Foodborne Illness Source Attribution Estimates for 2017 for 'Salmonella,' 'Escherichia Coli O157,' 'Listeria Monocytogenes,' and 'Campylobacter' Using Multi-Year Outbreak Surveillance Data, United States   [open pdf - 2MB]

From the Executive Summary: "Each year in the United States an estimated 9 million people get sick, 56,000 are hospitalized and 1,300 die of foodborne disease caused by known pathogens. These estimates help us understand the scope of this public health problem. However, to develop effective prevention measures, we need to understand the types of foods contributing to the problem. The Interagency Food Safety Analytics Collaboration (IFSAC) is a tri-agency group created by the Centers for Disease Control and Prevention (CDC), the U.S. Food and Drug Administration (FDA) and the U.S. Department of Agriculture's Food Safety and Inspection Service (USDA-FSIS). IFSAC developed a method to estimate the sources of foodborne illness using outbreak data from 1998 through the most recent year for four priority pathogens: Salmonella' 'Escherichia Coli O157' 'Listeria Monocytogenes' and 'Campylobacter'. [...] This collaborative effort to provide annual attribution estimates continues IFSAC's work to improve foodborne illness source attribution, which can help inform efforts to prioritize food safety initiatives, interventions and policies for reducing foodborne illnesses. These consensus estimates allow all three agencies to take a consistent approach to identifying food safety priorities to protect public health."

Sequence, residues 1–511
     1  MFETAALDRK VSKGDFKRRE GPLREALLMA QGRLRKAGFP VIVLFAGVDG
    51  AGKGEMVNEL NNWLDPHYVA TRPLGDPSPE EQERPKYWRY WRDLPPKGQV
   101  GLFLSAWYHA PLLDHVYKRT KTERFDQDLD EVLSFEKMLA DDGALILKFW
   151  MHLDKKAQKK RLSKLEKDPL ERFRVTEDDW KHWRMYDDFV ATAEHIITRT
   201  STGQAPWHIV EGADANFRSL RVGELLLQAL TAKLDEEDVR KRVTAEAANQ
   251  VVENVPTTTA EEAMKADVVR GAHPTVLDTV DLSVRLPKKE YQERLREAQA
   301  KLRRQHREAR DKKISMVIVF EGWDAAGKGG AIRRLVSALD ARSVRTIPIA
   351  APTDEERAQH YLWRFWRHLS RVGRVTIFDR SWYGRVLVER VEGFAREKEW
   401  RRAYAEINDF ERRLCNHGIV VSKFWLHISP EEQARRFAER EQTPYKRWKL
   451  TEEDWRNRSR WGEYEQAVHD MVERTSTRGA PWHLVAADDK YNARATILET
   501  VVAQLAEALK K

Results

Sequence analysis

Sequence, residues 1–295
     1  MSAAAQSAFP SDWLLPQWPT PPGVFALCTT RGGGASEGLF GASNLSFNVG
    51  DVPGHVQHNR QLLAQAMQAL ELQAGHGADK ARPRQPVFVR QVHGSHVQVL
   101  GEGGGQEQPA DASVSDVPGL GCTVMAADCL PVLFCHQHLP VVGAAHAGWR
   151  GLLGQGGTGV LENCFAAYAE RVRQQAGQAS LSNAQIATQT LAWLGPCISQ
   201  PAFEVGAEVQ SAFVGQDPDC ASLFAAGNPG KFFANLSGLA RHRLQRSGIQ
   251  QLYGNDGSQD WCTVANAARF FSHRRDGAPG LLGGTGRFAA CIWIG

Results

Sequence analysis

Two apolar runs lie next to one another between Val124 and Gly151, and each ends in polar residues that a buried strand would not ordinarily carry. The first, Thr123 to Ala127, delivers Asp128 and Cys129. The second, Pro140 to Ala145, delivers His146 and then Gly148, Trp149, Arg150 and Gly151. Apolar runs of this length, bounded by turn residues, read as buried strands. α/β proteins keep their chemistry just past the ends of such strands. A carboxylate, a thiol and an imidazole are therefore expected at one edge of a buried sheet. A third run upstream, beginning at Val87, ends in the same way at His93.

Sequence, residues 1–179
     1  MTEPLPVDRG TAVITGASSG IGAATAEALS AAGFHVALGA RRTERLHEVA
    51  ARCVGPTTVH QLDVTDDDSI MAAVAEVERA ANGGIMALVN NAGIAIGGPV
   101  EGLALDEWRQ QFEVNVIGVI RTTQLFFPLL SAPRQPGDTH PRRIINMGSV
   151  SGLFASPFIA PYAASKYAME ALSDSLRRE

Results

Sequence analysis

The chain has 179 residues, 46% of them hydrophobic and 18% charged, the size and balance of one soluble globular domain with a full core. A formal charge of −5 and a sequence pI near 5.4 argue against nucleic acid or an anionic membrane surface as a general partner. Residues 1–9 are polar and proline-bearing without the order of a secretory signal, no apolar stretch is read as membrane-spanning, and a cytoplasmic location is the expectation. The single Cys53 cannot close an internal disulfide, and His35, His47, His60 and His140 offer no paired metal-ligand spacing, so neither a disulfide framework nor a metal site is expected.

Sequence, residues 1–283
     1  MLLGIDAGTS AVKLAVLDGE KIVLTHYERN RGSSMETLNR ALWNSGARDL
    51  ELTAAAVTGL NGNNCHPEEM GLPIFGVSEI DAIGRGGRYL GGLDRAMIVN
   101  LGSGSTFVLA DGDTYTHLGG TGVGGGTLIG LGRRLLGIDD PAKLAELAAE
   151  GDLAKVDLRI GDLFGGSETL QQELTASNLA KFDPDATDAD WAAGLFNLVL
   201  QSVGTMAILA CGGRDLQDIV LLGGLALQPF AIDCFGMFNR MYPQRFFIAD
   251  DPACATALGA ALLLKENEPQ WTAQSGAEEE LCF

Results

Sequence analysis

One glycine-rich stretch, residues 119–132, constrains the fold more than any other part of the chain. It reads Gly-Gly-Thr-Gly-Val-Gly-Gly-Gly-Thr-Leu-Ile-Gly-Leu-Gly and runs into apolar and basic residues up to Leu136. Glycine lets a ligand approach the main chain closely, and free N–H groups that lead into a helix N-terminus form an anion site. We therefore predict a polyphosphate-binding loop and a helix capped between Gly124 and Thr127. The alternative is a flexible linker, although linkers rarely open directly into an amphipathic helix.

Public Domain
Retrieved From:
Centers for Disease Control and Prevention: https://www.cdc.gov/
Media Type:
Help with citations